The end of the GOP campaign

Imagine, if you will, a gathering of one lady and 15 distinguished gentlemen. Nine of them had served as the governor of their state, most for multiple terms. Another five have served the nation in its highest legislative body, while one was a world-renowned neurosurgeon and the lady worked her up to CEO of a large hi-tech corporation.

Now, if you’ve ever watched the movie Caddyshack, imagine the character Al Czervik (Rodney Dangerfield’s character) – loud, bawdy, and obnoxious. Our version of Al, bullying his way into this genteel affair, was Donald Trump. Yet he emerged victorious, in part due to that brash personality but also thanks to a heaping helping of populist rhetoric that sounded so good 40 percent of the Republicans voted for him. (That’s assuming, of course, our side hasn’t been hoodwinked by a massive version of Operation Chaos – and given the number of people who switched their registration from Democrat to Republican or voted in open primaries, I wouldn’t put it past them.) I say “sounded good” because, by and large, his rhetoric had the depth of a cookie sheet.

One upshot of this in Maryland is that the state Republican Party was poised to exceed one million members for (I believe) the first time ever. (As of the end of March, the MDGOP had 997,211 voters, which was an increase of about 16,000 from February – so the trend may have put them over the top.) But that success will be short-lived with Trump, who has disgusted so many erstwhile Republicans that a decrease of 50,000 Maryland Republicans in the next couple months isn’t out of the question.

So now I am hearing the old complaint that not voting for Trump will be a vote for Hillary. No, for conservatives, not voting for Trump will be a repudiation of the direction the Republican Party has taken since Barack Obama took office, and arguably since Ronald Reagan left.

You see, if Congress had shown any stones whatsoever, rank-and-file Republicans would not have felt the need to shake things up by electing an outsider as President. Perhaps Ted Cruz would not have felt the need to run for President in the first place, and the Republican nomination may well be coming down to a contest between two or three of those governors, or perhaps another Senator or the CEO with business experience.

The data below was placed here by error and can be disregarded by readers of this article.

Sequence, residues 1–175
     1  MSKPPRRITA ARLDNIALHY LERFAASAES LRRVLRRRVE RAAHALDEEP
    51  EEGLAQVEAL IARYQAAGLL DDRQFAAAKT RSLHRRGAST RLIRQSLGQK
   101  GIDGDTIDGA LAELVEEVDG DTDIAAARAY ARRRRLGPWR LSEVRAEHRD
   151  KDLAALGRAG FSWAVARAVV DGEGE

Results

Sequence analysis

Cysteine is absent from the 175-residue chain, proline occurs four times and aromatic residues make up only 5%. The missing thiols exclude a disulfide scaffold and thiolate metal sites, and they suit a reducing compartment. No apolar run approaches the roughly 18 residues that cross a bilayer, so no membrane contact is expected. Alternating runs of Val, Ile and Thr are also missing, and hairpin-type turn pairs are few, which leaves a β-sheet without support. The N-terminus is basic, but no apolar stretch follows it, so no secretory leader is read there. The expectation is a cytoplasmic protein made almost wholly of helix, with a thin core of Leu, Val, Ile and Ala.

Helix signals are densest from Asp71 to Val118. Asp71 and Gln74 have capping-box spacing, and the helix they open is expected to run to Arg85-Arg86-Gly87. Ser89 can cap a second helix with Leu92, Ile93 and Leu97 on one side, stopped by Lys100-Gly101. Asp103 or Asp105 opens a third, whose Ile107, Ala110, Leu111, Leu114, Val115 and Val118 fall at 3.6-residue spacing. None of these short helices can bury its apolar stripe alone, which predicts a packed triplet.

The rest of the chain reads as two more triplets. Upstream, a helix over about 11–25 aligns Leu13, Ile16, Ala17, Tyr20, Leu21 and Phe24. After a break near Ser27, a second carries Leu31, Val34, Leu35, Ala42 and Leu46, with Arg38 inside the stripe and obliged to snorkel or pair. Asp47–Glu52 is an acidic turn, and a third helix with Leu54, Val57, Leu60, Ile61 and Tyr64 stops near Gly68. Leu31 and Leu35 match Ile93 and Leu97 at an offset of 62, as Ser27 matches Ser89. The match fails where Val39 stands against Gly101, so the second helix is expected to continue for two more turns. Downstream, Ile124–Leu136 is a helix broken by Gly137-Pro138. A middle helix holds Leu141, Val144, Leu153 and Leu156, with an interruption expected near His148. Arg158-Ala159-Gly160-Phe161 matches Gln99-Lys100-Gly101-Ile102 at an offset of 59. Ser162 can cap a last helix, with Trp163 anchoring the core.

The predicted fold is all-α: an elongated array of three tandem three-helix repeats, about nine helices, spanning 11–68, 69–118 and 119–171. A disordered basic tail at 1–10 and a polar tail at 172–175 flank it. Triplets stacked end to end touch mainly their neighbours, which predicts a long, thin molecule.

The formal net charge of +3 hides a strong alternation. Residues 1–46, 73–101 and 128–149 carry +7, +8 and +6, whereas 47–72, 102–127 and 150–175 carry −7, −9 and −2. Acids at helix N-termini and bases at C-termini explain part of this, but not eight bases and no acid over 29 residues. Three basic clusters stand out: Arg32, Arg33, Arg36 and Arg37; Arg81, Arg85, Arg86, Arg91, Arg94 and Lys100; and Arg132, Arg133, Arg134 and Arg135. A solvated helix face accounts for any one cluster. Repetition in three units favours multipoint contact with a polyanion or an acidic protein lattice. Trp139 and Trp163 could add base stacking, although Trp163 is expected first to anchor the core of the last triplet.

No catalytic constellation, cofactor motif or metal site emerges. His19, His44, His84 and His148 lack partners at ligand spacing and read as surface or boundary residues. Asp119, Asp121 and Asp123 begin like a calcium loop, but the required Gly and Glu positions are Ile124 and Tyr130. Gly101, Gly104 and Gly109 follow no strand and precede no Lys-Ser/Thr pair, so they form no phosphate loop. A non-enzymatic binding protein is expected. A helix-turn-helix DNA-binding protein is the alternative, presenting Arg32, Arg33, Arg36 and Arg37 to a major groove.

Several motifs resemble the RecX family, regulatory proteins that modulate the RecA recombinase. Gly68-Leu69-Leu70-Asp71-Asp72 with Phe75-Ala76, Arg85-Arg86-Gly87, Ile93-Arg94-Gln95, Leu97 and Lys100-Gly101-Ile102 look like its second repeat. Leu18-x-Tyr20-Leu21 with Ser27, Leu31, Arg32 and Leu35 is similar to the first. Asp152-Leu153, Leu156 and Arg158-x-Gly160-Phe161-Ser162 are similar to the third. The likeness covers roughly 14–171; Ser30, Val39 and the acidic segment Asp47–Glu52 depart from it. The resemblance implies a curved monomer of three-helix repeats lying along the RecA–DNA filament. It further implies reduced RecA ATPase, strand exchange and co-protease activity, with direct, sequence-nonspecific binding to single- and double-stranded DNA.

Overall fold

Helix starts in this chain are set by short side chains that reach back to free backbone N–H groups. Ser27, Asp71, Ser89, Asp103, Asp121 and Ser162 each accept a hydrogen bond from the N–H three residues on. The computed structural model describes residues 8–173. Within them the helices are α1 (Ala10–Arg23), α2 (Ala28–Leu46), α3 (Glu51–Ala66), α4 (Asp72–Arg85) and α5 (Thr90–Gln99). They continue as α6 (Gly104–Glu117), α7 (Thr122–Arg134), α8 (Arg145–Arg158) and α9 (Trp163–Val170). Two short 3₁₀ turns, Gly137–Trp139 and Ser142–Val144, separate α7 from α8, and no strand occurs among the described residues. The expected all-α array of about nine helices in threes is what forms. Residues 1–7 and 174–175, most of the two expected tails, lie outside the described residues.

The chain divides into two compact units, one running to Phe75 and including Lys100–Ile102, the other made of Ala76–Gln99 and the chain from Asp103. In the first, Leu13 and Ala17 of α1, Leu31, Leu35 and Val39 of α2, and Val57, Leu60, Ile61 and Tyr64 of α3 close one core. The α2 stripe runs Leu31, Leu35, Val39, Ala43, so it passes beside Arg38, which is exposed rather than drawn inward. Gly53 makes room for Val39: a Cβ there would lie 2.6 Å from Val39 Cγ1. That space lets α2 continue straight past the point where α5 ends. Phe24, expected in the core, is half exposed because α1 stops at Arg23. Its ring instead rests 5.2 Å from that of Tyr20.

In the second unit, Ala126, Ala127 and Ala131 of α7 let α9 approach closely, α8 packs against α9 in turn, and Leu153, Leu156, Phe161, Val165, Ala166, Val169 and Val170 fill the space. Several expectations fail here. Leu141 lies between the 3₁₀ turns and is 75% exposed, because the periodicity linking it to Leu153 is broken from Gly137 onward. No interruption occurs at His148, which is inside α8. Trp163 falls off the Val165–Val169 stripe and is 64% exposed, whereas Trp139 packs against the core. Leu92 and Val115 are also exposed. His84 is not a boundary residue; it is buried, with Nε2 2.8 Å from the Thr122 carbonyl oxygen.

Instead we get Trump, who basically ignores one leg of the conservative stool by praising Planned Parenthood and giving short shrift to religious liberty. Limited government doesn’t seem to be his bag either, since he’s pledged to let Social Security and Medicare go without reforming them and pandered to Iowa farmers by promising to keep ethanol subsidies going. Where most GOP candidates run right in the primary and tack to the center for the general election, Trump is already in the middle so he will likely soften some of his more conservative positions as part of the flexibility in getting the deal done. It’s getting to the point where Trump and Clinton are not all that distinguishable from each other.

And about getting those deals done. Conservatives have wanted a border fence for more than a decade; in fact, the authorizing legislation was passed under President Bush. So why do I think that The Donald will get his fence once he promises to Democrats he will create a bigger, more beautiful door for it? Since he’s the de facto head of the Republican Party now, when is he going to negotiate with Congressional Republicans and work in a more conservative direction? Perhaps the twelfth of never? We will get the “touchback” amnesty, but then the Democrats will just say “forget the touchback part.”

Finally, to borrow a phrase from another movie, I find Donald Trump to be like a box of chocolates, because you never know which one you’ll get. He’s not exactly the poster child for consistency so a Trump administration would be a constant guessing game.

I suppose my advice to voters in those remaining primary states is to show up and vote your conscience if you’re not a Donald Trump supporter. Don’t change parties yet, and get out and vote for Ted Cruz, John Kasich, or anyone else but Trump. Keeping him under 50% of the overall national vote would be a good way to send a message that we’re not sold on Trump as the nominee.

You have to give Donald Trump credit for one thing: he was smart enough to run in a dysfunctional political year. In that case, he has been the perfect candidate – too bad voters like me were looking for order after the disarray of the last eight years. And I will say: had I written this last night, the word “campaign” would not have been in the title. But the Grand Old Party may want to prepare for some stormy days ahead.